What OSHA regulations deal with the military? OSHA applies to military workplaces and operations, with some military-specific operations being excluded. A reportable accident that satisfies the minimum requirements outlined in the legislation is a recordable accident.
Does The Military Have OSHA?
Employers across the nation are required to adhere to the relevant OSHA rules for their workplace, which an OSHA representative may at any moment inspect. With a few exceptions, the U.S. military is immune from OSHA regulations.
What Is The Regulation That Governs the Army Safety Program?
The Army Safety Program, which applies to all Army personnel and operations, is based on Army Regulation (AR) 385-10. The program organizes safety activities through a methodical and progressive hazard assessment and risk management process to safeguard the force and improve warfighting skills.
What Are OSHA Compliance Requirements?
Respecting all of the OSHA rules that apply to your company is known as OSHA compliance. As a result, there are no significant risks to employees’ safety in the workplace.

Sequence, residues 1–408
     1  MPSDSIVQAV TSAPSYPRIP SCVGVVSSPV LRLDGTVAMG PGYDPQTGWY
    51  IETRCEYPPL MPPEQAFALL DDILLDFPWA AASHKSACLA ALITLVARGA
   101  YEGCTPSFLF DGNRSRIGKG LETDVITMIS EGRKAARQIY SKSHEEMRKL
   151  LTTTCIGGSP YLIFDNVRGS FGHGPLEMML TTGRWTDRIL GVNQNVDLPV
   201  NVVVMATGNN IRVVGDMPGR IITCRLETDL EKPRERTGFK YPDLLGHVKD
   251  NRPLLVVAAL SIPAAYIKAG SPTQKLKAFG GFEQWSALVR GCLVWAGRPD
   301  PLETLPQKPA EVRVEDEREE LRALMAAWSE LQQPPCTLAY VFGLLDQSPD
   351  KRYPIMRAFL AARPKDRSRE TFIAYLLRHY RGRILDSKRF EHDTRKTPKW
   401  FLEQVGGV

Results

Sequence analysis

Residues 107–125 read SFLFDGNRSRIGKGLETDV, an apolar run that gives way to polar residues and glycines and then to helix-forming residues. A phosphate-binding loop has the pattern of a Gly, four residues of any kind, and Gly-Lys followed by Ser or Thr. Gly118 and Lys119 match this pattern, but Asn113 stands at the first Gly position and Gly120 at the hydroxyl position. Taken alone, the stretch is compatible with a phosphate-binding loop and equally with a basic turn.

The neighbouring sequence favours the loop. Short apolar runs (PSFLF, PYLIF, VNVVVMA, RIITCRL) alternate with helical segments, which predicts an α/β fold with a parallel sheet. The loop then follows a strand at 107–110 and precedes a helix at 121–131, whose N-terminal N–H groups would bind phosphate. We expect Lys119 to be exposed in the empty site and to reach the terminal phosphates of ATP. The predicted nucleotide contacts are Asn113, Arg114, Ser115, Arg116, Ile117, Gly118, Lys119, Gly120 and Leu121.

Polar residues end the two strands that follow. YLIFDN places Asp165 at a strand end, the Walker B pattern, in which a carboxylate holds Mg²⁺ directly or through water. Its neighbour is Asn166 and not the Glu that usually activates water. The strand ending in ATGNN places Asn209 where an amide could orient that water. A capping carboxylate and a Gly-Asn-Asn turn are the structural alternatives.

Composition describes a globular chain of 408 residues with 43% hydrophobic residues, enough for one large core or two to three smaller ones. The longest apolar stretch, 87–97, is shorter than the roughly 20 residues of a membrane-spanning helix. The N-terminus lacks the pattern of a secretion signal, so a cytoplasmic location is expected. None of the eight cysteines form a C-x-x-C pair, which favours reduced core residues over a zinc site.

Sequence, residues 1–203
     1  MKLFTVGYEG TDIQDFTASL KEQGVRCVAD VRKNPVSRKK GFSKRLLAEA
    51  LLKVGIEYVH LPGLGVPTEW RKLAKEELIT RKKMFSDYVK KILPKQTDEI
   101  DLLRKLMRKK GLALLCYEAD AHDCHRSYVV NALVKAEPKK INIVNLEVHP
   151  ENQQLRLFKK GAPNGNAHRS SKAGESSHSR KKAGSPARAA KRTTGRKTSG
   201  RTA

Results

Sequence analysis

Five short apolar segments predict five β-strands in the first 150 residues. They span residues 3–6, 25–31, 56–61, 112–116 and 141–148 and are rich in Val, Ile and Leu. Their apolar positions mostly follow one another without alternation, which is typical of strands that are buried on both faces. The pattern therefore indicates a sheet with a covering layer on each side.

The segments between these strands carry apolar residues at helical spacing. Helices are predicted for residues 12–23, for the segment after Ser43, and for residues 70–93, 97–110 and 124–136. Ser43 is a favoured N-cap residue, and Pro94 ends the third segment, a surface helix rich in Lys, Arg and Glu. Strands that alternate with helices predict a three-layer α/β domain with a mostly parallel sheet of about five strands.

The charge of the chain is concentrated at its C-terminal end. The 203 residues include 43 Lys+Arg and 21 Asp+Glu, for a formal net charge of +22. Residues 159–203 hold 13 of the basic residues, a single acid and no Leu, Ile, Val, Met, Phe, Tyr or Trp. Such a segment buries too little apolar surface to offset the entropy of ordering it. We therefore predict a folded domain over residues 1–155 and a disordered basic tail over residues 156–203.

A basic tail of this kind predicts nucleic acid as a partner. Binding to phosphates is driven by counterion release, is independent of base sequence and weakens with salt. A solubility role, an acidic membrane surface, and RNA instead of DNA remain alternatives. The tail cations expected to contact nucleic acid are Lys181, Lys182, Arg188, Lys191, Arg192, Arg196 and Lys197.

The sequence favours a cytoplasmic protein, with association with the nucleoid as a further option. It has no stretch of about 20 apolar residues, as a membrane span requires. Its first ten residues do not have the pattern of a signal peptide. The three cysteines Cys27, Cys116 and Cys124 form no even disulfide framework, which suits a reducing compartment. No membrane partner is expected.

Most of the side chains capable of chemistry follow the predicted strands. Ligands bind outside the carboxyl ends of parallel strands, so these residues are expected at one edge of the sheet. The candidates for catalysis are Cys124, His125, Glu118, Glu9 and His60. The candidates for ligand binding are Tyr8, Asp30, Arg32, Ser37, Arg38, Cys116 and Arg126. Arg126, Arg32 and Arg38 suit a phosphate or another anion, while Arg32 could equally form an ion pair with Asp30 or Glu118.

Who Is Not Protected by OSHA?
Self-employed workers, members of the immediate families of agricultural employers, and employees whose hazards are governed by another federal agency are among those who are not covered by the OSH Act (for example, the Mine Safety and Health Administration, the Department of Energy, Federal Aviation Administration, or Coast Guard).
What is DA Pam 385-10?
AR 38510 covers the Army Safety Program requirements for Army organizations. This document offers instructions on establishing better safety procedures and processes for the topics covered in this pamphlet.
It is important to know whether you are a current military member or just getting ready to enlist. Guardyourhealth hopes you found this post to be useful.